A really good post

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HUGS! I can understand your frustration with the kids! I worked in a small rural community for the past 11 years and it was hard to get them to switch to TPRS when I did that originally and then when new kids came from outside the system, they hated the class.

Part of it is that it’s so different from what they are used to doing. They normally sit in class, listen to the teacher a bit, then get a worksheet. The smart kids fill out the worksheet fast and sit and talk. The not as smart kids talk while they are supposed to be filling out the worksheet and don’t worry about what doesn’t get done. Whatever the case is, sitting and actually paying attention for the entire class period is very hard for them to do because they never have to do it.

I’ve also discovered that teens can be some of the most inflexible people in the world. This is the way it’s done because this is the way it’s always been done. :o)

In some ways, I think we asked for that part. We’re supposed to differentiate instruction, to teach towards multiple intelligences. I’m not saying that’s necessarily bad, but if we spend all our time changing how we present things so it fits their individual learning style, then they have no reason to learn to be adaptive to whatever style the material is presented to them in.

It’s hard trying to work with a class like the one you just described. It’s hard to step back and calmly tell them to leave that negativity outside the magic door to your room. And especially this time of year, it gets worse. If you can just hang in there until break, maybe they’ll lose some of that attitude and be a little more amiable when they come back.

Maybe if you require them to do more written work, they’d feel like they were “learning” more. I made up a daily note form that we filled out every day because I had kids telling their parents we didn’t do anything in class. At least with the form, they could start to see what I considered learning something in my class. For really concrete learners (which it seems like I used to work with a lot of those), the not having a textbook and not doing worksheets thing is hard to get past. After all, in other classes, that’s their measure of doing something in class.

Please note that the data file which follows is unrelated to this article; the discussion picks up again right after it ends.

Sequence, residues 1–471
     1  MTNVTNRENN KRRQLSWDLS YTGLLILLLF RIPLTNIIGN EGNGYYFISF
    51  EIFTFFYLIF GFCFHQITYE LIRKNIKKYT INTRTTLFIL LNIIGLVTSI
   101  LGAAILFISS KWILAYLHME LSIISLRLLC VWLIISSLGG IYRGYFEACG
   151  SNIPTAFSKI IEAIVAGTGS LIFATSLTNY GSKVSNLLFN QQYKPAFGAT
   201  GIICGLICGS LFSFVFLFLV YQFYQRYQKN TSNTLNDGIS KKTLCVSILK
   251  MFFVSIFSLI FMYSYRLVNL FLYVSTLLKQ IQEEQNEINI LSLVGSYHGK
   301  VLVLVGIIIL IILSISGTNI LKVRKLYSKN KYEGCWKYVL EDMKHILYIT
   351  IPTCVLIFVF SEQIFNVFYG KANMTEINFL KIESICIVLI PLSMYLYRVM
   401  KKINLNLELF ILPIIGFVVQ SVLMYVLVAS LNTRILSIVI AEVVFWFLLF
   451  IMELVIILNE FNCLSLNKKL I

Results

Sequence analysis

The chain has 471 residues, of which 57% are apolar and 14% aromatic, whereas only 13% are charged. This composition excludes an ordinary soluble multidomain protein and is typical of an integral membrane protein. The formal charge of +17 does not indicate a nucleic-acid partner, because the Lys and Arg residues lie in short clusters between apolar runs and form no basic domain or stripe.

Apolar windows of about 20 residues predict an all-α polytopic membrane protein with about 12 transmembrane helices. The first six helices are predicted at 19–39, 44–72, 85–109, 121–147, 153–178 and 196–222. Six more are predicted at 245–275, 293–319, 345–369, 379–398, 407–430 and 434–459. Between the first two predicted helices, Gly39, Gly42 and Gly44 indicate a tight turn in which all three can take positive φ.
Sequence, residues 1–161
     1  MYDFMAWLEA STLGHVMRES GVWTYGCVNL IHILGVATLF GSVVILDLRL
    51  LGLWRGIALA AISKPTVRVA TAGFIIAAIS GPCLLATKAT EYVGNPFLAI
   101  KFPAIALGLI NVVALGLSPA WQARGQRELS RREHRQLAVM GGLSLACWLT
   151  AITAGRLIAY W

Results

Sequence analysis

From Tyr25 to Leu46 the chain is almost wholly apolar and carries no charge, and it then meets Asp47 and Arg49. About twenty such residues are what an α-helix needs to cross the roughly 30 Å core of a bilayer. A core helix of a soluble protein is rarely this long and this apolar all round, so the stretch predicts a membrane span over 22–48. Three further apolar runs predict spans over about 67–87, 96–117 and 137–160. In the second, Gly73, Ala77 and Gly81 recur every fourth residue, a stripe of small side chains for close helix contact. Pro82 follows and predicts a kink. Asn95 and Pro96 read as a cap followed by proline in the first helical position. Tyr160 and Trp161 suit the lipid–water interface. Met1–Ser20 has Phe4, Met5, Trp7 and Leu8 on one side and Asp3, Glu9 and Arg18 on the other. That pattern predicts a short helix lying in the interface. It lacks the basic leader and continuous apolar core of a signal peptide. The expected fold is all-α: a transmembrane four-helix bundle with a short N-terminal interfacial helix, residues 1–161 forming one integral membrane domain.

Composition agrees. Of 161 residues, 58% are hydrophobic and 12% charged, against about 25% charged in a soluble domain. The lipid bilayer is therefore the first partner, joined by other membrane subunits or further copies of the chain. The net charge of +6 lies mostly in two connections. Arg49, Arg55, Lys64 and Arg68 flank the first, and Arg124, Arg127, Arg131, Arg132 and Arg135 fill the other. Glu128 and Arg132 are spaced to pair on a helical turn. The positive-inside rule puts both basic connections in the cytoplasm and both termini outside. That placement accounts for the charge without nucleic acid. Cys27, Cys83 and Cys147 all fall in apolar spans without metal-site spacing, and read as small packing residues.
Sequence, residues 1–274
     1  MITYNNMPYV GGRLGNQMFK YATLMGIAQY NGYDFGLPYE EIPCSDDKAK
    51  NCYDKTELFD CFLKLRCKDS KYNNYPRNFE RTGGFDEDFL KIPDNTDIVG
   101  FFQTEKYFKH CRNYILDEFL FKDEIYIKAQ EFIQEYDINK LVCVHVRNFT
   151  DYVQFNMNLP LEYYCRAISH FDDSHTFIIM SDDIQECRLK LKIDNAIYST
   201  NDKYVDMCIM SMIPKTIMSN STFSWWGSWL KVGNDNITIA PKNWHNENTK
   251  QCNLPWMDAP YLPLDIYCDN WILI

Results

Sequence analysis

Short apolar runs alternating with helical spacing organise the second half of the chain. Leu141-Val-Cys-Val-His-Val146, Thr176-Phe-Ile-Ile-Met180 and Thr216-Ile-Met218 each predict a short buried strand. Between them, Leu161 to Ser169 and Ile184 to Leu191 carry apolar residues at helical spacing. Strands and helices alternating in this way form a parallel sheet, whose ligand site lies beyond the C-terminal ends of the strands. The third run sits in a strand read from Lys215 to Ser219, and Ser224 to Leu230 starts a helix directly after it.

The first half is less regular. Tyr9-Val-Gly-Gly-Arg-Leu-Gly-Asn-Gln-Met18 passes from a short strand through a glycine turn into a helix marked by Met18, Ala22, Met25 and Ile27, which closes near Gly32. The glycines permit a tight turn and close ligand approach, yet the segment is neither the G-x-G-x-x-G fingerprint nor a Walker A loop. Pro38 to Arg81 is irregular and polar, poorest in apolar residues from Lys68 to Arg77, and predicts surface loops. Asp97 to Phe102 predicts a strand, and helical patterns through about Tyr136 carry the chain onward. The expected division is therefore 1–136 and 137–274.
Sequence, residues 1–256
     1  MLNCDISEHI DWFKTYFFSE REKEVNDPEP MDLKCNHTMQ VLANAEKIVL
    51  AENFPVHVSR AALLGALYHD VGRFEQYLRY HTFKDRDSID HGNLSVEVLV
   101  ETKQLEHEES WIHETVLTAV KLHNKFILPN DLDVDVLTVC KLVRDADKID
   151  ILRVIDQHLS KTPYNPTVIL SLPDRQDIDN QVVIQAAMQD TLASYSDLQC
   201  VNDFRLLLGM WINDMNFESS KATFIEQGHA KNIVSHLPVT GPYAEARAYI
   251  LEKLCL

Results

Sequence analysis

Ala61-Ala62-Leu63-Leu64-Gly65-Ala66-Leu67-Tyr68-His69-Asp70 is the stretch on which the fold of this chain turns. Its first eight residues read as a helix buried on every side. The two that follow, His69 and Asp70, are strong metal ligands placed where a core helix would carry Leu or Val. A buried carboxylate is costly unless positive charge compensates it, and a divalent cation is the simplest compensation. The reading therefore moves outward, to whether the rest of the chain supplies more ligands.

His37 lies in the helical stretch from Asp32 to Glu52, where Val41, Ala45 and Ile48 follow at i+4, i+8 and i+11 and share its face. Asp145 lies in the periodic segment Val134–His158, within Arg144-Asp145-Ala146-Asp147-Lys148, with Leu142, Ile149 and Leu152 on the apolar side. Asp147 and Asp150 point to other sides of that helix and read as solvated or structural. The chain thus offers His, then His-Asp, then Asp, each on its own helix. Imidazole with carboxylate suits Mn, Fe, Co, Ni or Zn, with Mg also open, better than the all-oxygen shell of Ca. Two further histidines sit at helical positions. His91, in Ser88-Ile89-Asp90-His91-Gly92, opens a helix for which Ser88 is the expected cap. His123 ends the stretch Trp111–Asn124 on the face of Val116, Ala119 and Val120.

Seems like there’s always at least one of those kinds of classes, doesn’t it?

It’s so easy for us to give advice, but reality is a totally different story. Hope it works out for you! I hope you can at least move them a small way towards being more understanding of others.

This description of how our typical classroom setup and procedures condition students to passivity and reward seeking is extremely brief and pithy and oh so accurate. Giving written work to make them think they are “learning” is the sort of manipulation of their value system that I think is so useful and for which I have been castigated. It makes sense: calm them down while you work your magic.

She, the writer, goes on to mention that for all the great value we see in meeting students “where they are”, we also have to move them off that spot. We play to their strengths but help them fortify their weak points.

How much of our students’ behavior is a reaction to the negativity they hear from adults, from teachers (my old “kids these days” gripe), from parents? And how much is a defense against accusations of irresponsibility, lack of caring, indifference, and so on so often thrown at them? We had a thread on homework which I haven’t read every word of, so I cannot claim I am the only one to state this, but educational experts tell us students now have more homework than they ever did. Might their behavior, their attitude, be a reaction, a defense against night after night, weekend after weekend, holiday after holiday of homework piled on higher and higher in a shallow attempt to be rigorous? I was appalled to hear that teachers at my school had piled on homework for the five days we had off over Thanksgiving. What about kids whose families consider that time sacred to family, traveling to visit relatives, etc., leaving little time for homework?

I hope people join in this discussion. I don’t mind taking it back to the Listserv but I hope to see a vigorous discussion here so we can weed out people who cannot read and who filter everything through an ideological bias.

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